Over 31,000 students attending public schools in Brooklyn were homeless at some point last year, according to data released Monday by the group Advocates for Children of New York (AFC).
The group, an organization that advocates on behalf of marginalized students in public schools, found that 31,158 students – one out of every 10 – attending either traditional public schools or charter schools in Brooklyn had experienced homelessness at some point during the 2018-19 school year. The number of homeless students in Brooklyn is second only to the Bronx, where over 39,000 students experienced homelessness.
In Brooklyn, District 23, situated in Brownsville was most affected – over 20% of students were homeless at some point, estimated Randi Levine, AFC’s policy director. District 23 had the second highest share of homeless students of any district in the city, trailing only District 9 in the Bronx.
Districts 14, 17, and 18 had over 10% of students experience homelessness, while Districts 16, 19, and 32 saw over 15% of students face it.
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The data is based on totals reported by school districts to the State Education Department, Levine said. NYS-TEACHS, the state’s “technical assistance center” for homeless students, is housed in AFC and reports the data annually.
A Citywide Issue
Citywide, over 114,000 students experienced homelessness last year, about 1 in 10 of the more than 1.1 million public school students. According to AFC, this is the fourth consecutive year that the number has topped 100,000, though this year the number diminished slightly, by about 600. Advocates have characterized Mayor Bill de Blasio’s response to the problem as grossly inadequate.
“This problem is immense. The number of New York City students who experienced homelessness last year—85% of whom are Black or Hispanic—could fill the Barclays Center six times,” AFC Executive Director Kim Sweet said in a statement. “The City won’t be able to break the cycle of homelessness until we address the dismal educational outcomes for students who are homeless.”
The group defines “homeless students” as those who were without a permanent address at some point over the past year, and who sought out temporary housing. As such, homelessness among students can and does take many different forms. In Brooklyn last year, 10,413 students spent time in a homeless shelter, while 19,087 “doubled-up” temporarily in the homes of friends or relatives and 120 stayed in hotels. Another 1,538 students at Brooklyn schools were unsheltered, living on the street, in parks, on the subway, or in other non-residence situations.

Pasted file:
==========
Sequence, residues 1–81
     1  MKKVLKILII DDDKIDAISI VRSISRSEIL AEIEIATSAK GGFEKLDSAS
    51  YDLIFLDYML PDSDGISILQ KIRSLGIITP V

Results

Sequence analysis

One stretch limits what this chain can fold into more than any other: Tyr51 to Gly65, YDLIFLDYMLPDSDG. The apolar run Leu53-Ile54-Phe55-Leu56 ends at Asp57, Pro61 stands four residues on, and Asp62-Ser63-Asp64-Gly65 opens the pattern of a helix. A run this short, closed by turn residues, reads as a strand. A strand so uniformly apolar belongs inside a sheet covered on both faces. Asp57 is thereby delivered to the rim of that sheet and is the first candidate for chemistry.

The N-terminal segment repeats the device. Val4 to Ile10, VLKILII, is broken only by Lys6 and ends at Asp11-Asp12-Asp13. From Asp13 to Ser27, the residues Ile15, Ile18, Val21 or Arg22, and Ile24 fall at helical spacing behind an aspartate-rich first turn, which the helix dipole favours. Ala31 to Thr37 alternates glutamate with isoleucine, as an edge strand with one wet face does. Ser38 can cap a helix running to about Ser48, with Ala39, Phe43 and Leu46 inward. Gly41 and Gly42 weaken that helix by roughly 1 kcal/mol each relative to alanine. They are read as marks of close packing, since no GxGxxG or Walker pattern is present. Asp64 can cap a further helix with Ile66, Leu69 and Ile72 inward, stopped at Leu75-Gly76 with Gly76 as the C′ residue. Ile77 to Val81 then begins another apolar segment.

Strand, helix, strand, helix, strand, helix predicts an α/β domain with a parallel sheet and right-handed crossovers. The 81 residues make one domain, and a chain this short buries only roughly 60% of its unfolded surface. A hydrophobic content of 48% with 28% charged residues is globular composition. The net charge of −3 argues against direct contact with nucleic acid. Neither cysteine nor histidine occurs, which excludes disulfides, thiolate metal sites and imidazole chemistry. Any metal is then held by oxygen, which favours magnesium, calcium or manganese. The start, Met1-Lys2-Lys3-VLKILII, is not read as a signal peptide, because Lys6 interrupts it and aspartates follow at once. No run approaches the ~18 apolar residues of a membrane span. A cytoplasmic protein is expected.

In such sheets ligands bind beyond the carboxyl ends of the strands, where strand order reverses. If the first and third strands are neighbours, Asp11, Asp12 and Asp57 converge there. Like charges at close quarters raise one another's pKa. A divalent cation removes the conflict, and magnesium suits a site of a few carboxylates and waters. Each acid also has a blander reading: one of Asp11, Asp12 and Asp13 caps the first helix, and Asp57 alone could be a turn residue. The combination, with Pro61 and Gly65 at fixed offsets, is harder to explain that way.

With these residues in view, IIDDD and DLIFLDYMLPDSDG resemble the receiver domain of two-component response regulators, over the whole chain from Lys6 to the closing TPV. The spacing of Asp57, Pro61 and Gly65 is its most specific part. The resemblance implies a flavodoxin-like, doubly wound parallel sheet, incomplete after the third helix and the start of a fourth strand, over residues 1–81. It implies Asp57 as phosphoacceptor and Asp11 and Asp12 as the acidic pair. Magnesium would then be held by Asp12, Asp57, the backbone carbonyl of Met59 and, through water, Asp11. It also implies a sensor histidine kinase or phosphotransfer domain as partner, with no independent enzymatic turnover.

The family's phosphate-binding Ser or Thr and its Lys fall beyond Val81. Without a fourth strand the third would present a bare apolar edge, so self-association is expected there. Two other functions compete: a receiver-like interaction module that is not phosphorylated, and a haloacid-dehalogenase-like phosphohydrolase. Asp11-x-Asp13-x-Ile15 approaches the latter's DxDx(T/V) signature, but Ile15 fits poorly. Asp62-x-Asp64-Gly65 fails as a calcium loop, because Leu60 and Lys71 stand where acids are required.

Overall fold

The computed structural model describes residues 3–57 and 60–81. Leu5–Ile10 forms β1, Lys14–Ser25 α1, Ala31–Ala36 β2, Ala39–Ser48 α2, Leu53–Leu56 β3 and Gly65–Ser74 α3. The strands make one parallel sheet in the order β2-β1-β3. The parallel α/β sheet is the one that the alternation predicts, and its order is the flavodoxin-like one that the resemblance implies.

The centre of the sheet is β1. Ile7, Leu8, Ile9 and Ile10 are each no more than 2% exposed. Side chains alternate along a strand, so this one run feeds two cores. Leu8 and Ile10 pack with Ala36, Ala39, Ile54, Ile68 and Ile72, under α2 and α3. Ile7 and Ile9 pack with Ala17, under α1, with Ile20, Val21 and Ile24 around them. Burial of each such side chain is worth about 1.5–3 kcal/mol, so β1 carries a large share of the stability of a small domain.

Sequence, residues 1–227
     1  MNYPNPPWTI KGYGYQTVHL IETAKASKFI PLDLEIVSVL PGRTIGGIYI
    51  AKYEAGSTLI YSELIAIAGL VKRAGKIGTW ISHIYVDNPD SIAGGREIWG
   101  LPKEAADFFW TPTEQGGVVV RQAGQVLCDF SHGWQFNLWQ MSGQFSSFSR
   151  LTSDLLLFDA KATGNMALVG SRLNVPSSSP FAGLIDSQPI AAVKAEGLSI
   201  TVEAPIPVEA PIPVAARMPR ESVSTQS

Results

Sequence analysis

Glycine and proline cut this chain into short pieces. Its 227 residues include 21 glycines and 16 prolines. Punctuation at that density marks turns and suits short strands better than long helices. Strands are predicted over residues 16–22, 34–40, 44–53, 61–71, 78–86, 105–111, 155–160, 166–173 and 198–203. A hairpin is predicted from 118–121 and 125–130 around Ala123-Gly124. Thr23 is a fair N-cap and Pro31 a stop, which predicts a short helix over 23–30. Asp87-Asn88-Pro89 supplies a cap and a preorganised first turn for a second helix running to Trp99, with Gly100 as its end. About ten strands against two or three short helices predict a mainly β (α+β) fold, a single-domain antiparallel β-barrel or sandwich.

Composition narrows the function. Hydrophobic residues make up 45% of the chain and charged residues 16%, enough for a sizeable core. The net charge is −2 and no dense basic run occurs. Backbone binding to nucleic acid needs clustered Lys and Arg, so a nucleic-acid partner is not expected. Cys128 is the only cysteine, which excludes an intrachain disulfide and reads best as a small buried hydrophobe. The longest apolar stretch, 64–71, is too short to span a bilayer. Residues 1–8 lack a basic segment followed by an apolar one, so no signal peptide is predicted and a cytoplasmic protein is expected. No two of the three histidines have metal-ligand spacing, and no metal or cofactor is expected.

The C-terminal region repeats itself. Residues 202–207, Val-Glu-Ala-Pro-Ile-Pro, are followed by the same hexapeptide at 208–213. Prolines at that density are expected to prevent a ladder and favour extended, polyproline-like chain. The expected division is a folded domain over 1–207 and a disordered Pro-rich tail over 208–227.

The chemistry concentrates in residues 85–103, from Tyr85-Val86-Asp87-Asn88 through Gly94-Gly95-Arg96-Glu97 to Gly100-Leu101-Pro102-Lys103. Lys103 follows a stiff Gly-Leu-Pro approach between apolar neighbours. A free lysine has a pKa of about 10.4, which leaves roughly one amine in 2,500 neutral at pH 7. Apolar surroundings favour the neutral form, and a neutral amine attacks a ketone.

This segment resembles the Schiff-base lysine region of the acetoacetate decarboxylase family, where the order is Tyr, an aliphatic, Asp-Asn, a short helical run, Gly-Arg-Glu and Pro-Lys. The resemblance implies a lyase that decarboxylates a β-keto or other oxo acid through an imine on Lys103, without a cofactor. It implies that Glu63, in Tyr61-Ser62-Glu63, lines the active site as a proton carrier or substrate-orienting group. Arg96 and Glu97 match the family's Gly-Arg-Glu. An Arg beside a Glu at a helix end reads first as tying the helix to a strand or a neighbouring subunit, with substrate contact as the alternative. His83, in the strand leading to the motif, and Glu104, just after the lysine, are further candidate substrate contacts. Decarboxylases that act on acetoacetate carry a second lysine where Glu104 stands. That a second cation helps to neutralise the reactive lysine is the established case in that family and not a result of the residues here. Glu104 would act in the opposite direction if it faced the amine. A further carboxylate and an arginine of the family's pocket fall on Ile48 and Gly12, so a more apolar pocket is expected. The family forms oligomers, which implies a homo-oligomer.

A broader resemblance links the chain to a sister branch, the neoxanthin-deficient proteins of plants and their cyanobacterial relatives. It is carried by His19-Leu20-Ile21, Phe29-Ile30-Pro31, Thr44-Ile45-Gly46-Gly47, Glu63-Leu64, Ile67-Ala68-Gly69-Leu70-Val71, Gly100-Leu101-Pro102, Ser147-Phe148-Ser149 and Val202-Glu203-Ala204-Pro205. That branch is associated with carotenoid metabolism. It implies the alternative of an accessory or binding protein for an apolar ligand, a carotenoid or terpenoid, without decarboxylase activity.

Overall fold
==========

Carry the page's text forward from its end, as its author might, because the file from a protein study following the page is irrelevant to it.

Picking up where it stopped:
Approximately 15,000 students are residing in shelters on any given night, according to a spokesperson for the DOE. Families with children stayed in shelters for an average of 438 days in the 2018 Fiscal Year, according to the Mayor’s most recent preliminary management report.
AFC said that about half of homeless families are placed in a different borough from where their youngest child goes to school. However, a spokesperson for the Department of Social Services said that proportion refers to “initial placement,” and about 79% of families’ “final placement” is in the borough their youngest child goes to school.
Since students’ shelters or temporary housing is often far away from where they go to school, sometimes even in different boroughs, homeless students are frequently absent or tardy from school. Nearly two-thirds of homeless students are chronically absent from school, AFC says. The city is opening two new family shelters in Park Slope this winter, at 535 and 555 4th Avenue, in part to allow children to live closer to the schools they attend.
Impact on Student’s Life
Homelessness has a profound impact on a student’s academic performance, which in turn has a profound impact on the rest of their lives. According to the AFC, students who experience homelessness score substantially lower on state reading and math proficiency tests than their peers living in permanent housing. Only about 57% of homeless students graduate from high school; among students specifically staying in shelters, fewer than half graduate.
The City’s Efforts
The de Blasio administration has addressed the problem but at a glacial pace. The city first dedicated $10.3 million in 2016 to place social workers in schools with high numbers of homeless students, among other things. Last year, the city said it would spend an additional $12 million on new supports for homeless students, including 100 new “coordinators” within schools with high homeless populations to better address the issue, and 31 new social workers, bringing the total number up to 100.
The city also now provides yellow bus service for all students in shelters in K-6, and afterschool programs to homeless students, the DOE spokesperson told Bklyner.
“We’re making critical investments to meet the needs of students in temporary housing including hiring social workers, providing busing, and placing staff in schools focused on connecting families to community services and improving attendance,” said DOE spokesperson Miranda Barbot. “We’re committed to serving these students and families by providing the programs and resources they need to have access to a continuous, high-quality education.”